In what concerns teaching, the list of points for improvement and self-improvement can be virtually endless. Learning about learning and keeping constantly updated is imperative in the volatility of the contemporary scholarly environment. In the position of a nursing educator, the sheer vastness of the fields, procedures, and practices to be explored can be quite unnerving. Setting clear goals and objectives when creating and implementing instructions is, therefore, a skill of immense value. Indeed, in the daily challenges of teaching, a correct mindset is important, but hardly anything can be quite as helpful in following the vision that all educators share as informed goal-setting.
Clear-cut goals are an indispensable part of instructional design, which, simply put, is a systematic process of creating instruction (Carr-Chellman, 2016). Logically, the systematic component of instructional design subsumes that the outcomes should coincide with the initial goals. Practically, whether they achieve the goals or not depends on a multitude of factors – their background knowledge, their eagerness to learn, but primarily, it means that the instruction should be so designed that the students are able to reach what is expected from them – which is the teacher’s prerogative. The position of an educator, at that, is to share their own experience and knowledge, which is kept attuned to the objective reality; in other words, the educator’s lifelong mission is to explore new possibilities, to seek out new procedures and methods of learning and bring fresh ideas out to the students.
Based on that same logic, the content should be systematized as well, as an ordered array of interrelated ideas, which the students are able to digest, internalize, and later apply (Paul & Elder, 2014). Such a directive is sufficient in helping both the students and the educator stay focused on the narrowed goal of every separate lesson and the course as a whole. It would also be safe to assume that, psychologically, the content so organized gives all parties involved a sense of purpose; it is important that the students see the system, know the exact reasons they are involved in this or that activity, and be able to project the immediate outcomes of it. A system implemented wisely is the one that is aligned with the student’s background knowledge, resources, and motivation, that can be easily reconstructed by the timeline of instruction, that gives room for analysis and interpretation, and the learning outcomes of which can be reproduced using simple language by every student.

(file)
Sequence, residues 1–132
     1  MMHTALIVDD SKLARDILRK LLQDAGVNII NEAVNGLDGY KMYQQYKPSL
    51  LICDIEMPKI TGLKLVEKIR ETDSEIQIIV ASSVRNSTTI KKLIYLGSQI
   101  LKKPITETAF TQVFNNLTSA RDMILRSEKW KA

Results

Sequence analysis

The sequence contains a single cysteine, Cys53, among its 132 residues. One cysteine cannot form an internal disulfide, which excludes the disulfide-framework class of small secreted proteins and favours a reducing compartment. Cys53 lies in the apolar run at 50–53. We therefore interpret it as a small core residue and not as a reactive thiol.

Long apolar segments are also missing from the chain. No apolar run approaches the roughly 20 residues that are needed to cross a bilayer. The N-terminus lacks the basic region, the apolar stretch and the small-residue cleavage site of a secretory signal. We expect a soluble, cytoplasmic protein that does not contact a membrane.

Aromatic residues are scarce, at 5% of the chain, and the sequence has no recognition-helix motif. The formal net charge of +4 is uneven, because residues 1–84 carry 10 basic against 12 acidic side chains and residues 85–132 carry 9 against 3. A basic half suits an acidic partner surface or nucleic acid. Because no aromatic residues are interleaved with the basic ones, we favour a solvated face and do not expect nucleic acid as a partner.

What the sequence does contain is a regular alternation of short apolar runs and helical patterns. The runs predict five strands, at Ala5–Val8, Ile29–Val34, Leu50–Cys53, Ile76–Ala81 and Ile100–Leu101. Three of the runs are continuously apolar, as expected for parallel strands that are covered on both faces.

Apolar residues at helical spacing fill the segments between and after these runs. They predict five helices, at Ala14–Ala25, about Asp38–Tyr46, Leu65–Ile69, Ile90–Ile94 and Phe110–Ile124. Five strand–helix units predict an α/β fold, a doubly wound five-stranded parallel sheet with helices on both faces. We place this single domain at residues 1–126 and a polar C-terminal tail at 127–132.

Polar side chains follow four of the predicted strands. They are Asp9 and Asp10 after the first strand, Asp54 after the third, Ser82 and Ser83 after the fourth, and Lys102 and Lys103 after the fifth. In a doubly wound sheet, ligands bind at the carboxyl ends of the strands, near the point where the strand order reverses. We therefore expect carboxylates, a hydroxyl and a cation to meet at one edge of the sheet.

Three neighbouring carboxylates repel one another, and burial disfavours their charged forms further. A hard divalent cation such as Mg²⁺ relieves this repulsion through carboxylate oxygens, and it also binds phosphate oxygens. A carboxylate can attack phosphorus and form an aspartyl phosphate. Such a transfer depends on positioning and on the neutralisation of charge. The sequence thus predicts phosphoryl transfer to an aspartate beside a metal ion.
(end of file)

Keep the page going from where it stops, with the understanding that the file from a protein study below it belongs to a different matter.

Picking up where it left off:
Systematic learning is a process based on a proven and efficacy-tested foundation, relying heavily on the basic logical conceptual hierarchies of cause and effect. Such learning is perfectly in line with the fact that, while the teachers design their own instructions, they are required to operate within the standards (Read the Standards, 2016). The logic of the instruction as a system coincides with how the standards appear: evidence-based, content-based, clear, consistent, transparent, and aligned with the missions of educational institutions and the students’ aspirations. One of the standards concerned particularly with nursing makes a point of updating the information included in the curricula to follow the changes in the healthcare delivery system to the last step – a position that every educator must share and practice. Another valuable point is that the contents of courses outlining the core competencies and thus directing the educators as to what the desired outcomes should be are present in open access (Curriculum Standards, 2016). The students get a chance to review the contents of what they are enrolling into, but, importantly, the openness enables the educators to share and learn from their colleagues. Provided, of course, that the practices being shared are compliant with the standards (which is to say, they are informed, understandable, and consistent), the directive of sharing unites the educators under a common goal and makes them part of a globalized community, to which the latest scientific advancements, changes in populations, techniques, prevalences, and genomics are available. The contents of instruction may vary from discipline to discipline, but the standards provide the basic understanding of the fundamentals, i.e., what the duties of all practitioners are, what are the roles of a nurse, what approaches to practice are most effective, what reasoning should a nurse rely on when making a decision, how is the nurse accountable for these decisions, etc. All this the students will be able to carry out from their curriculum as the standards, the design, and the means of transfer provide for maximum comprehensibility of the instruction.